Luke Moo

3/14/2018

Sally Pipes, of the Pacific Research Institute, spoke a few weeks ago at Wheaton College (Go Thunder!), and Michael Baker and I had the opportunity to attend this event titled “The Healthcare Labyrinth-Where Do We Go From Here?” Ms. Pipes (Link to Bio) is  a respected  industry thought leader and provided a very interesting look behind the scenes of government policy. I’d like to share some of her thoughts and our collective feedback.

Since the Obamacare law was passed in March of 2010, we’ve seen unprecedented change with very few seeing a positive effect. Ms. Pipes put it well in saying, “so much changed for the help of so few.” The goal of this legislation was to help the uninsured and create more affordable options, and, unfortunately, we still have these challenges. The exchanges ‘only’ have 11 million people enrolled, far from the predicted 24 million.  The young invincibles have not enrolled in the quantities the insurance companies expected, totaling just 26% instead of the hoped for 40% of total enrolled population. This lack of enrollment has created massive losses for insurance companies, causing them to either entirely pull out of markets or change pricing and coverage. A strong argument can be made that even those enrolled are not “insured” as their coverage has very high deductibles, high rates, and small networks, making care almost as inaccessible as before. Despite all the flaws, her discussions with lawmakers on the hill do not hint at repeal happening anytime soon.

Peoples’ natural inclination is to think that single payer is the answer to the ACA’s shortcomings. Ms. Pipes made a vehement argument against this type of government involvement, pointing out the VA and Canada’s system as examples of what we don’t want; in Canada, the average wait time to see a specialist is just over 21 weeks, and 63,000 Canadians come to the USA for care every year. As far as the VA is concerned, one only need google search to find the multiple abuses and issues within this government run healthcare plan. She quibbles with the reliability of the often-referenced statistic that healthcare outcomes are better in other countries for lower cost (i.e. What do they count as live birth? Many factors effect average age of mortality). Also, worth noting is that the vast majority of R&D continues to take place in the USA which does cost us more money but serves the world with better care.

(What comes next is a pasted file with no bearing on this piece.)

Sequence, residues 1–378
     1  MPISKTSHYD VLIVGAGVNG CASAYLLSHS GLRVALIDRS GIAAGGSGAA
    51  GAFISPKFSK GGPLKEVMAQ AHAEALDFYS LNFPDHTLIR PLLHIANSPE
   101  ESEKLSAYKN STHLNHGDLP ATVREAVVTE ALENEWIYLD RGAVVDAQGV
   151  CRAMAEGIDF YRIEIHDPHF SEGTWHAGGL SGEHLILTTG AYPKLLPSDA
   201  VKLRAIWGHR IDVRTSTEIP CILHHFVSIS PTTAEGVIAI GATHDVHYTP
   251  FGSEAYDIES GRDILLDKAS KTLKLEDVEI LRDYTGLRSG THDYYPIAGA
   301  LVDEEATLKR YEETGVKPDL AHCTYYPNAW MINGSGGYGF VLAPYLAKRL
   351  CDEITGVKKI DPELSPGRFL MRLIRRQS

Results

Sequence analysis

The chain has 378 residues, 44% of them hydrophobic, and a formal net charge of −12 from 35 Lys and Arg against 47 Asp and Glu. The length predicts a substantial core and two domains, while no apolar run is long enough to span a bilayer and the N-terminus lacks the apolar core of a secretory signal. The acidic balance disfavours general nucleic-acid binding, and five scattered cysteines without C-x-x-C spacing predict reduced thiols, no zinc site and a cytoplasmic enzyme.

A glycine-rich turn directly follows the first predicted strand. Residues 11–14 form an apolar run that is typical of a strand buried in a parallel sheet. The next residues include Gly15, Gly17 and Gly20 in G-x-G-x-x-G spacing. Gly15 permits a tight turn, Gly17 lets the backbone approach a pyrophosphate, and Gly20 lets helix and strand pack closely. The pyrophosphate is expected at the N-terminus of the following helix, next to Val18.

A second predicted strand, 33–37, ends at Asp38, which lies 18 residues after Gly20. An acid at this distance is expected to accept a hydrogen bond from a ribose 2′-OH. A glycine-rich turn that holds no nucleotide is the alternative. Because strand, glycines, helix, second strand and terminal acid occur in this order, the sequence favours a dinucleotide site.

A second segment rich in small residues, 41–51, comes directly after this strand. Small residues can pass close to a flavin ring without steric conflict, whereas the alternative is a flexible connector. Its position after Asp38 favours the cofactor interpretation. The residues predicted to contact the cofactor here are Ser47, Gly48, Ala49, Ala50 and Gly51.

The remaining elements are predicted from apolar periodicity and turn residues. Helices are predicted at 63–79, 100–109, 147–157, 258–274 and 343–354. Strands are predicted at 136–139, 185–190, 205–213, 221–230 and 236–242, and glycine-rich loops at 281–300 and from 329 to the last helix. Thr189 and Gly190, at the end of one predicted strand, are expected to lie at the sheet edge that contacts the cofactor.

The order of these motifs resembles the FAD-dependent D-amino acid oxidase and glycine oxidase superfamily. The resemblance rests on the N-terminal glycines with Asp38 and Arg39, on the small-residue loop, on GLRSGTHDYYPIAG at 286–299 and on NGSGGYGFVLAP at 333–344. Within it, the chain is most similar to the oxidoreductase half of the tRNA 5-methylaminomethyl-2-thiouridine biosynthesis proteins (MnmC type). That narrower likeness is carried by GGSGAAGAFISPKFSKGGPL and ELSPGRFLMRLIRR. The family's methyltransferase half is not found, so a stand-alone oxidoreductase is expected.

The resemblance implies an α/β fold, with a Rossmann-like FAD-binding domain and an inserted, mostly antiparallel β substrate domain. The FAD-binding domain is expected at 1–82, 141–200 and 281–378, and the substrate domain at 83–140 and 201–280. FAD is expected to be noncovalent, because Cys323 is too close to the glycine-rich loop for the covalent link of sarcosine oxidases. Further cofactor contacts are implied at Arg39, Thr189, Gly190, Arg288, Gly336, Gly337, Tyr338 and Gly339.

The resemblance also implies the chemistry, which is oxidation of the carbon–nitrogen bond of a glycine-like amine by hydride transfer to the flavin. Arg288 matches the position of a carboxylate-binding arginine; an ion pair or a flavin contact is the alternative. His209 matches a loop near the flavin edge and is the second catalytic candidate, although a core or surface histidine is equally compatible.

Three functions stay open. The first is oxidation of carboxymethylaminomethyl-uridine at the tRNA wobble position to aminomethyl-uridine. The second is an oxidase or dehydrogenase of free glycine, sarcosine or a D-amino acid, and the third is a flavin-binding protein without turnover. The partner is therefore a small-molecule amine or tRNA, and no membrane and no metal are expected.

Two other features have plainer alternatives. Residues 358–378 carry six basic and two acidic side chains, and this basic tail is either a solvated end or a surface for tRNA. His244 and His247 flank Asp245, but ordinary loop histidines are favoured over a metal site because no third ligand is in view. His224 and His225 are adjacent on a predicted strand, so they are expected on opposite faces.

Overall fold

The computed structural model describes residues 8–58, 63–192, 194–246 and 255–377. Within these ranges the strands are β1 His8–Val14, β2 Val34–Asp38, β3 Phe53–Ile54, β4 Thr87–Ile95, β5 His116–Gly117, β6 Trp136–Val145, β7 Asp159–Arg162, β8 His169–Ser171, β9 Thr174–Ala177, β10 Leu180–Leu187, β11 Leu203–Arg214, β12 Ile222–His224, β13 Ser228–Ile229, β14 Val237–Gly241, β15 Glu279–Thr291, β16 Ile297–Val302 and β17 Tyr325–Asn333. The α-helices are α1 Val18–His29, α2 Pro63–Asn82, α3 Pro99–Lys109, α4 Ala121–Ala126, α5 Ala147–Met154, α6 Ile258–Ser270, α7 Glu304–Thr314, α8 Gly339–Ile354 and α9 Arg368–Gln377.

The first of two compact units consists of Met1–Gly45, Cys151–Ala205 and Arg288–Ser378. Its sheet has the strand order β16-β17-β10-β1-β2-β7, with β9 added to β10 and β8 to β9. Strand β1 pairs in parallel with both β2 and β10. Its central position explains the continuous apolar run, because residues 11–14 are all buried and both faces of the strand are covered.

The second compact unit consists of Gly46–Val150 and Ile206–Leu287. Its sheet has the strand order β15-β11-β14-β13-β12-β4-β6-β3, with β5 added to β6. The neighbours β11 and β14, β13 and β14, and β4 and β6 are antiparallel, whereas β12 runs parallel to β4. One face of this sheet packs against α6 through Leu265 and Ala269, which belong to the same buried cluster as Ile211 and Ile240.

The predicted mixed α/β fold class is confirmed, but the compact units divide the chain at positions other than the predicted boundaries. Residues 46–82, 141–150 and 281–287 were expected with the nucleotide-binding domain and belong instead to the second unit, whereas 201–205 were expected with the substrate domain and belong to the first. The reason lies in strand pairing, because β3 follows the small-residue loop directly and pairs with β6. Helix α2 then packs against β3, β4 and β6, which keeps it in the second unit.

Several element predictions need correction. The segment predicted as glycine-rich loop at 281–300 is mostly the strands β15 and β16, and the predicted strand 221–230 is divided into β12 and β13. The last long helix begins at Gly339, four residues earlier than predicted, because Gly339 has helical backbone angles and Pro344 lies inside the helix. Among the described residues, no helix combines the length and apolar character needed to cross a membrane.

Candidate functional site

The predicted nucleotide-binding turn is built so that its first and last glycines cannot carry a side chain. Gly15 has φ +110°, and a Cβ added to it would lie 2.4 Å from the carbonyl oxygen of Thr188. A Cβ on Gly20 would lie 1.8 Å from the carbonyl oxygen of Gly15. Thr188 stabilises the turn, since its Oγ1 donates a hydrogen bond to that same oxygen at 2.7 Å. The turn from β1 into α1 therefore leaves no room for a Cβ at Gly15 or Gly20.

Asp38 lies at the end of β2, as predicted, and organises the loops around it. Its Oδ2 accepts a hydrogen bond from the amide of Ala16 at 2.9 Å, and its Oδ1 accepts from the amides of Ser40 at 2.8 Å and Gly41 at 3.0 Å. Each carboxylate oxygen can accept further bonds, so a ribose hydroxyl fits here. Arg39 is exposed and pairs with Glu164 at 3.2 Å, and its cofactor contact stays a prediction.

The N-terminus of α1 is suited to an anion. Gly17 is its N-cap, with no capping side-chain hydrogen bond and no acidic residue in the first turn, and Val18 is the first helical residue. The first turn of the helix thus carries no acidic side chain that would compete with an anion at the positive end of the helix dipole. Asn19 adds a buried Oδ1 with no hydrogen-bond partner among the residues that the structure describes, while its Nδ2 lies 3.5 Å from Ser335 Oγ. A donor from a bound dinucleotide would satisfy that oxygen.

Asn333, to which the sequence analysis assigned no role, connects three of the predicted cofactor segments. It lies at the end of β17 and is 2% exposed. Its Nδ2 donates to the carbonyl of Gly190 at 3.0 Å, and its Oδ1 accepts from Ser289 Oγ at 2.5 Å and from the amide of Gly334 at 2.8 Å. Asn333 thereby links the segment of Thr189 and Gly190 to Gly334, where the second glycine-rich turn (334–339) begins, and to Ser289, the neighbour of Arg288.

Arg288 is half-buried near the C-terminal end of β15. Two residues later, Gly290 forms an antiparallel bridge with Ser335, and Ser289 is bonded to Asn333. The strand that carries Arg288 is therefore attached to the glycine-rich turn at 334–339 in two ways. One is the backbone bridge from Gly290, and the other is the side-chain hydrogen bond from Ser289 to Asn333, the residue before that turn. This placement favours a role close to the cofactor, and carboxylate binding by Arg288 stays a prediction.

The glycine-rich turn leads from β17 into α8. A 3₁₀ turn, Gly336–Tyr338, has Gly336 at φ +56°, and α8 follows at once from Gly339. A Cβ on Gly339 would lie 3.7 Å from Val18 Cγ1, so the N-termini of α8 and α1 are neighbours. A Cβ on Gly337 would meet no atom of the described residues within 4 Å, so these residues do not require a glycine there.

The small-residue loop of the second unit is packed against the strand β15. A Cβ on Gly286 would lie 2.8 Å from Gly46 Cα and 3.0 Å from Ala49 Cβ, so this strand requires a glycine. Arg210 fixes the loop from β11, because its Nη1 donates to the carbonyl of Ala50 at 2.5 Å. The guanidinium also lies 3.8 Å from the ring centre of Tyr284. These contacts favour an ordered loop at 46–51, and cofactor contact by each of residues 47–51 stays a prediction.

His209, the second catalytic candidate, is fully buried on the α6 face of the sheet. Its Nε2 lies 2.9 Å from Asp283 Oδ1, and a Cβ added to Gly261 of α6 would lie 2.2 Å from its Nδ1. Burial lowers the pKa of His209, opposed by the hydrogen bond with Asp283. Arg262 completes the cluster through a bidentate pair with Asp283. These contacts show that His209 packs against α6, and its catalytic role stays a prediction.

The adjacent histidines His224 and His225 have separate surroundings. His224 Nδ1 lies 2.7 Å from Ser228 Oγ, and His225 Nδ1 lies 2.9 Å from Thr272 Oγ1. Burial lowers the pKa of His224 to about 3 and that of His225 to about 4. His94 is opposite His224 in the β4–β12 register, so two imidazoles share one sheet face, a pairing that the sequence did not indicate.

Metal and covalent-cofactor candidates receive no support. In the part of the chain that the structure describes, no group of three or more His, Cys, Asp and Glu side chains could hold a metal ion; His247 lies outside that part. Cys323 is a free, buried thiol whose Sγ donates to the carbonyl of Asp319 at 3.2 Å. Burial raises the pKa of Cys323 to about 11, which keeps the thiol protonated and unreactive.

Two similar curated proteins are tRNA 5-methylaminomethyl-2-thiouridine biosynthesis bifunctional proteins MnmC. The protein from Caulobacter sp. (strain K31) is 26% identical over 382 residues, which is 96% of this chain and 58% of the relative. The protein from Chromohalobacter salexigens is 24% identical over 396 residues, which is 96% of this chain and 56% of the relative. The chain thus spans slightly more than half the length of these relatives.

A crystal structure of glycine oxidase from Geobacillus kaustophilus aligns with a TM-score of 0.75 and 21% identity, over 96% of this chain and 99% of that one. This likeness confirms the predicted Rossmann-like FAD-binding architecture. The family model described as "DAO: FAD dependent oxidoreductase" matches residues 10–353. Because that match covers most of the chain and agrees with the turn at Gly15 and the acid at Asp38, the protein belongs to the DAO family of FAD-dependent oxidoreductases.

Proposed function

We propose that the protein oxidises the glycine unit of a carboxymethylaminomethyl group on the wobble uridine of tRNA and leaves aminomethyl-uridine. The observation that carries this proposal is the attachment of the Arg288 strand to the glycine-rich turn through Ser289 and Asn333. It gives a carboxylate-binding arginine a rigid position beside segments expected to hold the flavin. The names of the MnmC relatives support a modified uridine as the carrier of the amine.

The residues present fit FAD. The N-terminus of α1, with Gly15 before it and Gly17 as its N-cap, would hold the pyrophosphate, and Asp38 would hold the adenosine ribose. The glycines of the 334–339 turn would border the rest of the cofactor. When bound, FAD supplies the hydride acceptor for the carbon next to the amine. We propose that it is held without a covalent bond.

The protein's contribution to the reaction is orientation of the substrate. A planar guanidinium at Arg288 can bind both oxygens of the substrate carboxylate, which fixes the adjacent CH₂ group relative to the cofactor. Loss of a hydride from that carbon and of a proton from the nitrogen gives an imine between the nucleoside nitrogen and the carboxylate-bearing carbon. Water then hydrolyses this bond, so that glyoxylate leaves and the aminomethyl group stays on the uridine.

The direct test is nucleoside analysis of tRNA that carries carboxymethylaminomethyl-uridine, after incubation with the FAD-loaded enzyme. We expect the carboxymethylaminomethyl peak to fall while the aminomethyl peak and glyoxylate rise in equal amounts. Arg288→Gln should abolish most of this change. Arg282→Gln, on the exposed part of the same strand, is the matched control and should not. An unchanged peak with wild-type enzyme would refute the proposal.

So, what can we do now? Ms. Pipes had some ideas, and we do too. I think it can best be summed up as, let’s get creative. Ms. Pipes pointed to empowering doctors and patients with more information (access to primary care and pricing and quality transparency). Let’s fix the tax laws that only benefit employer provided healthcare and reform medical malpractice. Let’s make High Deductible Health Plans alongside Healthcare Savings Accounts the norm so we continue to drive consumerism in healthcare. These ideas, along with promoting Wellness programs in the workplace and utilizing technology to identify and address gaps in care, will help achieve some of the goals this law intended to accomplish. We’ve had tremendous success helping our clients navigate the labyrinth—and are always available to guide you on your journey.

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